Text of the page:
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Re: [John_Lit] A Proposed Re-construction of a Postulated Hymn-like Composition to the Word

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  • Ramsey Michaels
    Tom: I have been moving in the same direction as your proposal on John 1:15. My interest in this text began in 1981 with my article in the Metzger Festschrift,
    Message 1 of 14 , Jan 24, 2003
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      Tom:

      I have been moving in the same direction as your proposal on John 1:15. My
      interest in this text began in 1981 with my article in the Metzger
      Festschrift, "Origen and the Text of John 1:15."

      I believe the traditional saying in 1:15 is indeed the reason why the author
      prefixed his Gospel with vv 1-5, to flesh out the assertion that Jesus
      indeed preceded John. This will be reflected in the commentary for Eerdmans
      I have been working on lo these many years. The unusual feature of my
      approach is that I do not look at vv 1-18 as "Prolog," but rather at vv 1-5
      as Preface or Introduction.

      As for the rest of your hypothesis, about 1:15 as a riddle and about the
      three verbs, I find that very interesting, but will have to think more about
      it. I'm eager to see just how you will develop it.

      Ramsey Michaels


      ----- Original Message -----
      From: "Thatcher, Tom" <tom.thatcher@...>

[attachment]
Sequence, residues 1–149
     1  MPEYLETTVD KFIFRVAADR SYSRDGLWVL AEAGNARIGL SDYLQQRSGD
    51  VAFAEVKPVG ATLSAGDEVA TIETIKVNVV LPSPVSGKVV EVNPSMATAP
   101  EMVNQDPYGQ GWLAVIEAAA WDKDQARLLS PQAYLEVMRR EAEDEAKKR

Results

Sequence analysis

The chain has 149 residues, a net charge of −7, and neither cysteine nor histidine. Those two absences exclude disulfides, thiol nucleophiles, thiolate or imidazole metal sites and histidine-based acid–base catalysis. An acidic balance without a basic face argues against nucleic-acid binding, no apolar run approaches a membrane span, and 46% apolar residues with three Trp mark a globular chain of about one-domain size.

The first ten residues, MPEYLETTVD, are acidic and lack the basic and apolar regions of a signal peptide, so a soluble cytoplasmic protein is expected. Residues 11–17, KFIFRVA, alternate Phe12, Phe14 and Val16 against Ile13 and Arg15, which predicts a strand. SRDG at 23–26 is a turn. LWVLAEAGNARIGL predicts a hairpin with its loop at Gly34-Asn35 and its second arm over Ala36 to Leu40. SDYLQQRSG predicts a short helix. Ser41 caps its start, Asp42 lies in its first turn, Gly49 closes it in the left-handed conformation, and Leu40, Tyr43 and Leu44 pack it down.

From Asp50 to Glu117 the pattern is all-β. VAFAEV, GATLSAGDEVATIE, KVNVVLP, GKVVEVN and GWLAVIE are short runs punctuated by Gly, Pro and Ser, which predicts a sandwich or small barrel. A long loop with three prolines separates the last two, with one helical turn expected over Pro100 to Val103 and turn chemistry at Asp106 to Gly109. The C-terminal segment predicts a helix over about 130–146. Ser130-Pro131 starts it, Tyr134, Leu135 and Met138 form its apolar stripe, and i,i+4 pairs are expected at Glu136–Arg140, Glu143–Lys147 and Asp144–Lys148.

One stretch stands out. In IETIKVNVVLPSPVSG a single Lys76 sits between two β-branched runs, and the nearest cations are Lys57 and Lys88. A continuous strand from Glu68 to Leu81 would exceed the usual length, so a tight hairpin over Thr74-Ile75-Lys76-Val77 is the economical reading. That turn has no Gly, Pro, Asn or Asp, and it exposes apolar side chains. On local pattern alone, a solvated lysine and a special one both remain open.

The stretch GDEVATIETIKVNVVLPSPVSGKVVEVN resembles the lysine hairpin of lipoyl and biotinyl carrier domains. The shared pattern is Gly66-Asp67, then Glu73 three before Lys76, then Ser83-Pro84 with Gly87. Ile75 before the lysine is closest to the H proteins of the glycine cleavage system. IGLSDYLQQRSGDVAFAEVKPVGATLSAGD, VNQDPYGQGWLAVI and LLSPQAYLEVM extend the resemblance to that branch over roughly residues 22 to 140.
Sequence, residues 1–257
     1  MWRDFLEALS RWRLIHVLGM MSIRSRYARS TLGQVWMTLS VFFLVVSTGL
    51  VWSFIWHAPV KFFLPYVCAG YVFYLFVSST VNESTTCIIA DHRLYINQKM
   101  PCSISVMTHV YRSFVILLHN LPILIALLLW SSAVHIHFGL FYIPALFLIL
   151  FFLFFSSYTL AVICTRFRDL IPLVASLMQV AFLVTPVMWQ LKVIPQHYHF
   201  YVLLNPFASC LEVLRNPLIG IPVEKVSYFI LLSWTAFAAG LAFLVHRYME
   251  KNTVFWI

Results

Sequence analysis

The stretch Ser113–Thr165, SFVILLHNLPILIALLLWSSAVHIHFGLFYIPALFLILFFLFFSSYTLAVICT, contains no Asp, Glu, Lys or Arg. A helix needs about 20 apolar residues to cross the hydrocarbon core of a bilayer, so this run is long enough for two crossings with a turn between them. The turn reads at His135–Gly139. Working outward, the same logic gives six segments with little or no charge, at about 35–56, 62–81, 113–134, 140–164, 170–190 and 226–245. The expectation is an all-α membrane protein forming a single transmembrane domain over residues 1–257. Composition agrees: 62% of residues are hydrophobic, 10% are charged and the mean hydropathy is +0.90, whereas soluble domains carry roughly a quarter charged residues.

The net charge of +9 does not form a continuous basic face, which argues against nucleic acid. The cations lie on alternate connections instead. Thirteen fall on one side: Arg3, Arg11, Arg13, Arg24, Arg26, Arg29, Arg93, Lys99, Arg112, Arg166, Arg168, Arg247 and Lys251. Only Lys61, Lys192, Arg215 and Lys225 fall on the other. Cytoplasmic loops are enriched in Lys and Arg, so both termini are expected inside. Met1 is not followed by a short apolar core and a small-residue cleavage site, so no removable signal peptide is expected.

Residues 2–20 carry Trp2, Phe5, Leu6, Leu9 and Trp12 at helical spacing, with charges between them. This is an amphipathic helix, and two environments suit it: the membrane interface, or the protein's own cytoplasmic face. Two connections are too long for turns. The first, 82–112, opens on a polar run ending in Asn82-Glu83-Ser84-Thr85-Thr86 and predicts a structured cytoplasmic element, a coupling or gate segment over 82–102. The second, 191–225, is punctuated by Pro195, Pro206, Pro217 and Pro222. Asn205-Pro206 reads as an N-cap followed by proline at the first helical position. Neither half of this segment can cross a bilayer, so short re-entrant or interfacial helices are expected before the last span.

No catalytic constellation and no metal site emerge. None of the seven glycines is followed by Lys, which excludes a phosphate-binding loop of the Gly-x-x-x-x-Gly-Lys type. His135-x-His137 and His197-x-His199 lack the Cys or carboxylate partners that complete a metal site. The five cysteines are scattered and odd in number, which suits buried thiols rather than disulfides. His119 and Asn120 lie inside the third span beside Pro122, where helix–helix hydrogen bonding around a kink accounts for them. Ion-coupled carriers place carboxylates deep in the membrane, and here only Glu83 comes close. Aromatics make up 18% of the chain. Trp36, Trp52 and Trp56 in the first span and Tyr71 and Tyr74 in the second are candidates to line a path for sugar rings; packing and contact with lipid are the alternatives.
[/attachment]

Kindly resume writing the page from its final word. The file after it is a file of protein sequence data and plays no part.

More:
To: <johannine_literature@yahoogroups.com>
      Sent: Friday, January 24, 2003 2:31 PM
      Subject: RE: [John_Lit] A Proposed Re-construction of a Postulated Hymn-like
      Composition to the Word


      > Paul et. al.,
      >
      > Further to Paul's point, let me observe that the whole Prologue is
      > structured around three verbs in the Greek text--en (past tense of eimi;
      > "was"); forms of ginomai ("became"); and forms of erchomai ("came")--sorry
      > about the lack of Greek fonts here. The dominance of these three verbs in
      > the architecture of the passage is obvious even with a casual skim down
      the
      > page. I think that that the juxtaposition of these three verbs has
      > significant theological implications in this passage, but for now let me
      > limit my remarks to the tradition-history question.
      >
      > Very notably, all three of these verbs appear together in the Baptist's